At nearly every stage in the Photoshop workflow, graphic designers and photographers often experience delay. From launching the app to loading images, applying effects, rendering, saving and outputting files to clients, waiting on your computer is a normal part of the day – but it doesn’t have to be.
By simply upgrading your computer’s hard drive to an SSD and maxing out your memory, you can speed up every step in your workflow and spend less time staring at spinning cursors and more time getting projects done. Don’t just take our word for it, though. Adobe recommends the same solution: here’s how and why.
Everyday actions that rely on memory: Processing images, manipulating images (adding layers and effects), rendering, reverting files, running Photoshop and other applications
What Adobe says about the role of memory in Photoshop: “Memory has a direct connection to the size of images you can work on—both in terms of pixel dimensions and in bit depth (color accuracy). Larger amounts of memory are also often required to composite multiple images together, or to perform certain operations on them. If you don’t have enough memory to hold the images being manipulated, the system must “swap out” portions of memory to and from your computer’s hard drive, which slows down your computer considerably.”1
Why memory is so important: In order to run Photoshop (or any application), the program must be copied and held in the computer’s memory. In similar fashion, every image you’re working on must also be copied and held in RAM. More memory means you can handle more images and programs at once – and work on them in real time, not lag time. Oddly enough, more memory also often means you can save and revert files faster. Since most Photoshop files are extremely large, they consume a lot of DRAM which must be converted (“swapped”) into storage. The more memory you have, the more resources your memory has to swap into storage. Using an SSD helps, too, as data gets written faster into long-term storage.
Everyday actions that rely on storage: Booting up, opening Photoshop and other applications, loading images, saving files, rendering and manipulating media when your computer runs out of memory and has to dip into virtual memory (use the storage drive in place of memory, or as a “scratch disk”)
What Adobe says about the role of storage in Photoshop: “If you are unable to add more RAM to your computer, then install or connect a fast drive and designate it as your scratch disk. An SSD (solid state drive) or the PCIe flash storage in the new generation Apple Mac Pro are the fastest solutions ...”1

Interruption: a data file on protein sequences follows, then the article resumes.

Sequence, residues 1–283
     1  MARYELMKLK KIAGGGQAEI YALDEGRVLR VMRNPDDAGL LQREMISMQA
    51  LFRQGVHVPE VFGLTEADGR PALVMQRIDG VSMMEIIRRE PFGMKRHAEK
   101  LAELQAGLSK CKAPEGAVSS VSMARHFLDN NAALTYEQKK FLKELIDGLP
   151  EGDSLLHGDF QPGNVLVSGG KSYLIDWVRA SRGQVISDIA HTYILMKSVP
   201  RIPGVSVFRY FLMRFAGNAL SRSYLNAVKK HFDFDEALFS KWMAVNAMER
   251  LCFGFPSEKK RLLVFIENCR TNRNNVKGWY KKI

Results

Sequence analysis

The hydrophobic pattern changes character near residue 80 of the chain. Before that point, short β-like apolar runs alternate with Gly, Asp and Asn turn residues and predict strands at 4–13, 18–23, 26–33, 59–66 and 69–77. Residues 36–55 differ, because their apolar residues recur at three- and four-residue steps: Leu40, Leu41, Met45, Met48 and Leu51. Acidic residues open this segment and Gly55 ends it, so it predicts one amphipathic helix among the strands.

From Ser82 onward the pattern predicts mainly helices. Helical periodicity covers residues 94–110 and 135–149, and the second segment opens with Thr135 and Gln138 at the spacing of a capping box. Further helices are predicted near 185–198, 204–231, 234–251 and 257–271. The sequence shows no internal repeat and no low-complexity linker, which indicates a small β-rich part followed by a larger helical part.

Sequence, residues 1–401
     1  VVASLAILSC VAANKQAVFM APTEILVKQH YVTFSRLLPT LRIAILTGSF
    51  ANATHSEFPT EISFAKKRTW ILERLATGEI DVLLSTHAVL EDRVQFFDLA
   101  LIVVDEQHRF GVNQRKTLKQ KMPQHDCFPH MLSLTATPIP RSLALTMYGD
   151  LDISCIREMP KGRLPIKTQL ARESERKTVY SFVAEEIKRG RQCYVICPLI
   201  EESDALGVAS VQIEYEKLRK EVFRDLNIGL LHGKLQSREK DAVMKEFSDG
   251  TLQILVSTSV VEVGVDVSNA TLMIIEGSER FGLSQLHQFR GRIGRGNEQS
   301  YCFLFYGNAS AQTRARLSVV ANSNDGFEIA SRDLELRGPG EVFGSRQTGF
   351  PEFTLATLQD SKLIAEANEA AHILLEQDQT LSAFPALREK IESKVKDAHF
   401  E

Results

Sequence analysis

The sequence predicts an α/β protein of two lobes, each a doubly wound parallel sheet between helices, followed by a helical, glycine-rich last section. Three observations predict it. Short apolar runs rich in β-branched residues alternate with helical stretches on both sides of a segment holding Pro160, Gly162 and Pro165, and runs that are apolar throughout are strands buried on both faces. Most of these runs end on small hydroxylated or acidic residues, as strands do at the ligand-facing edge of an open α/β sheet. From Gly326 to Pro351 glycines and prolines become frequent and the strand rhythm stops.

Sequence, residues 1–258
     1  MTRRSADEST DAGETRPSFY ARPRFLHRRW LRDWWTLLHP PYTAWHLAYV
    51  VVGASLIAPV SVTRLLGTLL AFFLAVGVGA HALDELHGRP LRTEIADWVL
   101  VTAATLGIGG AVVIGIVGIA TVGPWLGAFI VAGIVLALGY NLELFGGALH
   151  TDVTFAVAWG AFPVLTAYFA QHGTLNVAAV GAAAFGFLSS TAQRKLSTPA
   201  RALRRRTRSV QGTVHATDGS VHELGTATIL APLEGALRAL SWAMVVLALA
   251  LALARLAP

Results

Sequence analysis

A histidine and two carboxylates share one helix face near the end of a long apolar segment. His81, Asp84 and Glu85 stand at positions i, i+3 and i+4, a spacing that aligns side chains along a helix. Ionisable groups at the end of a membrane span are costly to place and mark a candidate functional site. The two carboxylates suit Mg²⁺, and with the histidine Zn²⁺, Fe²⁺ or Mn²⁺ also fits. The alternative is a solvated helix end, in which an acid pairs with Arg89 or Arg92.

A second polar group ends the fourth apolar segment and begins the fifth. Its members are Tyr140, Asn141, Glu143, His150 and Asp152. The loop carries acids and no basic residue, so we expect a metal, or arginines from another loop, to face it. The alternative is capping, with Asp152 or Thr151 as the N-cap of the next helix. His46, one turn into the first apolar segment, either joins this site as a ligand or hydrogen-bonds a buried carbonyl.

Why an SSD is so important: Your system’s storage drive is what loads and saves every image and document you’re working on. It’s also what loads Photoshop, and it’s what your system uses to manipulate images and render when you run out of memory (a common occurrence when multitasking). Switching from a hard drive to an SSD in Photoshop is like moving from dial-up Internet to broadband – it’s that big of a jump and the speed never lets up. Imagine doing things in seconds that used to take minutes. That’s the power of an SSD, and it really kicks in if you frequently save incremental versions of a project. When you factor in ever-increasing resolution requirements, growing file sizes, and the need to save projects constantly in case a client changes their mind, the ability to save and call up files quickly is a gift to yourself that never gets old. It’s also a gift that keeps on giving because SSDs have no small moving parts, meaning they’re less prone to failure – and less prone to crashing and losing a client’s files.
While it’s well known that more memory and faster storage speed up graphic design, we wanted to put theory to the test and quantify the impact you might see. By testing four configurations of the same base system, we were able to isolate performance variables and assess how DRAM and SSDs impacted a typical graphic design project – creating a poster. Our design team took one of our finished files and created a script that delineated 72 steps that culminated in the finished poster. These steps were then turned into a script, which would allow us to remove the human element from poster assembly and look at pure component performance.